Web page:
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      Un momento with Domenico Capilongo

       
      By
      Jun. 6, 2017

      Domenico CapilongoDomenico Capilongo is a writer, teacher, and karate instructor. He’s also a dad, husband, and “Toronto guy.” He has written three books of poetry and a book of short fiction. His latest book of poetry, send, explores the ways in which we communicate. From smoke signals to texting, Capilongo uses lyric meditation, personal narratives and experimental poetry to examine how we choose to relate to one another. Capilongo is also a contributor to Italocanadese with his “Un Momento” series, where he profiles Italian-Canadian writers using a Q&A platform. This time, we turn the tables on Capilongo – it’s his turn to be featured in “un momento.” The official launch of send will take place on Sunday, June 11, 2017 at 3:30PM at Supermarket Restaurant & Bar in Toronto (268 Augusta Ave).

      Be sure to follow Capilongo’s work at http://domcapilongo.wixsite.com/home.

      What was the inspiration behind your poetry collection, send?

      The inspiration for this collection came from so many places. I guess it started from noticing how fast the technology around communication has developed in the last few years. As a high school teacher, I have really noticed firsthand how communication has totally changed. I have also been inspired so much by listening to music, and one song that really sparked the collection was a song by Arcade Fire, We Used to Wait. The song is a lament for a time when we used to write love letters, sign our name and wait for them to arrive and it was in the waiting that we found so much meaning. So I chose to write about, and in, different forms of communication and also explore what we say to each other.

      Some of the final poems in send are an homage to both your grandparents and their history. What inspired those particular poems? 

      I often write about my grandparents. I think they can shape us quite a bit and also can be a key to understanding ourselves. I thought about different ways communication played a part in their lives. In particular, I shared a room with my Nonna and she used to snore loudly all night. I can still hear it and it had an important rhythm, and was in itself a form of communication that I now share with my own family every night!

      What are your thoughts about social media and its influence/effect on the future of human interaction?

      Well, like anything thing else, I think that technology and how we use it can overtake us, and if we’re not careful, we will lose the ability to communicate properly with one another. It’s been proven that humans thrive on face-to-face communication, but people are minimizing this contact. I think in the future, people who are able to talk and listen face-to-face will be more healthy, successful and all round more fun to be around.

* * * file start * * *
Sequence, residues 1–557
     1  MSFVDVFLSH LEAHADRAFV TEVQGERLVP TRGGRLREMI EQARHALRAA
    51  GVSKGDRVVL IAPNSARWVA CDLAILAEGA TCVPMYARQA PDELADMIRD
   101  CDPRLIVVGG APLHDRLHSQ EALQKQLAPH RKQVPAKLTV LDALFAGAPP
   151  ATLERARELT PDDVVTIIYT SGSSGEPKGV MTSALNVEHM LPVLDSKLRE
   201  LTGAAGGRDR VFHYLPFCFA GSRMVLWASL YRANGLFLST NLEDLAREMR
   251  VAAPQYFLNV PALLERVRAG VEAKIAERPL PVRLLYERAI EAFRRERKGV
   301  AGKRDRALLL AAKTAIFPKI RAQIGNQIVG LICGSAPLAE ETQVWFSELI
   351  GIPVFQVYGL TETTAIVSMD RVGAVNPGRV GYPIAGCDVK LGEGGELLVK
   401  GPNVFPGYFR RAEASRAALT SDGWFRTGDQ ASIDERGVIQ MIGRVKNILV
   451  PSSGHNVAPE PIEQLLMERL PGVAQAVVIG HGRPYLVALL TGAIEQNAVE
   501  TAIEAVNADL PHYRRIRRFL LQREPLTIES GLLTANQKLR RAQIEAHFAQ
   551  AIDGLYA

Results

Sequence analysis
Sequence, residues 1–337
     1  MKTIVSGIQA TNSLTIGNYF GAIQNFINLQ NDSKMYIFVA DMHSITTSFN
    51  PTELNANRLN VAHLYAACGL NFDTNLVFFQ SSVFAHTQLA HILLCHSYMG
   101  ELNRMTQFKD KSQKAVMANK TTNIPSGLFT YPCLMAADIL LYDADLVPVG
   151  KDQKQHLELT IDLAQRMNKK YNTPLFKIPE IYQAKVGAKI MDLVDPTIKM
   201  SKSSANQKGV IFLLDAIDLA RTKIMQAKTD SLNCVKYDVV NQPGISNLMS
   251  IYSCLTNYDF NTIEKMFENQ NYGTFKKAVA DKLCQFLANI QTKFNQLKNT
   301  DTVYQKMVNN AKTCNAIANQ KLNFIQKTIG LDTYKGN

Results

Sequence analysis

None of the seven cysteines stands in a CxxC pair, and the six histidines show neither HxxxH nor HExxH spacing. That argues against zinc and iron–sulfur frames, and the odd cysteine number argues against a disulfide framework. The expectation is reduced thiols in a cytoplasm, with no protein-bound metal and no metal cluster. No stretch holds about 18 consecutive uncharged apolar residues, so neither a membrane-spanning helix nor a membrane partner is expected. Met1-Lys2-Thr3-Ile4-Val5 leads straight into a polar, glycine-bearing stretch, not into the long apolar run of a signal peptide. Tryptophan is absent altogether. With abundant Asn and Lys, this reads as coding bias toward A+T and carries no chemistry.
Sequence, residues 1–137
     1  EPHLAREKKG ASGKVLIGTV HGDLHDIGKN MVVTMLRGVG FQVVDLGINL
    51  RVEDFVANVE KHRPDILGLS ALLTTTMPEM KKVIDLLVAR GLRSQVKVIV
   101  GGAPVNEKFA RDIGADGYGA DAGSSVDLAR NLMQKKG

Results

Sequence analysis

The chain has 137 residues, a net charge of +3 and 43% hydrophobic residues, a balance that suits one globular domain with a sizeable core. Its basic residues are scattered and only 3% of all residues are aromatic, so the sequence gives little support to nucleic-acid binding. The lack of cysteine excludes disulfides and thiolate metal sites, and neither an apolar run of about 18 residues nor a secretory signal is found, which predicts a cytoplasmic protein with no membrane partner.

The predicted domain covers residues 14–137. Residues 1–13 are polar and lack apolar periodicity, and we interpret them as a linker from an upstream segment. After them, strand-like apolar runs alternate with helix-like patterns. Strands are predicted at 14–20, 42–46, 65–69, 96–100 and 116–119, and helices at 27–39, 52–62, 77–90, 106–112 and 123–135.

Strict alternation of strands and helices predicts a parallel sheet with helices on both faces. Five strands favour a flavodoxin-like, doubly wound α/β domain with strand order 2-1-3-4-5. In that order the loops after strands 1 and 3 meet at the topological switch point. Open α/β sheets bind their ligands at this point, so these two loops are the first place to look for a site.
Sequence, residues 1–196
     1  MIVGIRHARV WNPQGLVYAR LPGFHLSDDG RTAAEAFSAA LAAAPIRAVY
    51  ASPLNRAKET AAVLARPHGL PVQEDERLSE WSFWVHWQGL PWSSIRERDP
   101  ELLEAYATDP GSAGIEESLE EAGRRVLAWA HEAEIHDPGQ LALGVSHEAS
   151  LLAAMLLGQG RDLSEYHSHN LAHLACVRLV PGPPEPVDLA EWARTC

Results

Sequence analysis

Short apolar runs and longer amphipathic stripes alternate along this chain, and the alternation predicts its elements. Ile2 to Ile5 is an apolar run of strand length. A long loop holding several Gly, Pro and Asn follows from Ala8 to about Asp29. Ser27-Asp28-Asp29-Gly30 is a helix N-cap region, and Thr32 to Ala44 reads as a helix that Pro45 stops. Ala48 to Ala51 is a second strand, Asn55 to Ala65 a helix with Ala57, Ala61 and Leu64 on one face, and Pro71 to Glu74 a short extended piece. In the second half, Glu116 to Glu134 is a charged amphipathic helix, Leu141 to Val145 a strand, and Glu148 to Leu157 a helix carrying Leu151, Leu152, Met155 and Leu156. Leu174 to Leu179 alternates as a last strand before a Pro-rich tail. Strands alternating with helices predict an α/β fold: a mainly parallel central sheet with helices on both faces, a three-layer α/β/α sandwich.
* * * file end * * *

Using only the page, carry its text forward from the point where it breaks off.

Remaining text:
Is it safe to say that you are obsessed with the telephone in all its incarnations? Where does this obsession come from?

      I find the object of the telephone so fascinating. I think our connection to the pre-cellular phone was far more intimate than the touch screen. It allowed us to focus on sound. The intimacy of listening and speaking into a device and holding the weight of it close to you is mostly lost. So as this species is starting to die out, I like to try and document it on social media like some kind of National Geographic photographer.

      Your stage presence at readings is both confident and humorous. Where does that talent come from? Was there perhaps some acting in your past? Or is this a skill you acquired as a teacher?

      I like doing readings. I find it exciting to engage with an audience and feel how the words transfer to the reader or listener. I’ve acted in theatre before and enjoyed it. I also think in order to try and hold teenagers’ attention as a teacher requires a certain level of performance that I really enjoy.

      Can you describe your writing process?

      I don’t really have a set process for writing. I move from inspiration to writing exercises and then project-driven design to get the writing out. I sometimes write daily depending on what I’m working on, but I try not to stress out too much about how much or when I’m writing, as opposed to focusing on the quality of what I’m writing. Lately, I find that I get inspired first, then design a concept for a project, and then work through that until I feel done.

      What are you working on next?

      I’ve recently finished an entire book of poetry based on a jazz song entitled Salt Peanuts. I was obsessed with this song so I decided to write over 80 poems about the song, the musicians, and about the amazing snack. I’m also trying to finish a novel about a young man writing to his unborn child, and a picture book about a boy who doesn’t want to kiss his Bisnonna.

      One Response to “Un momento with Domenico Capilongo”

      1. Domenico Capilongo says:

        The photo is by robackerman.com. Thanks Rob!

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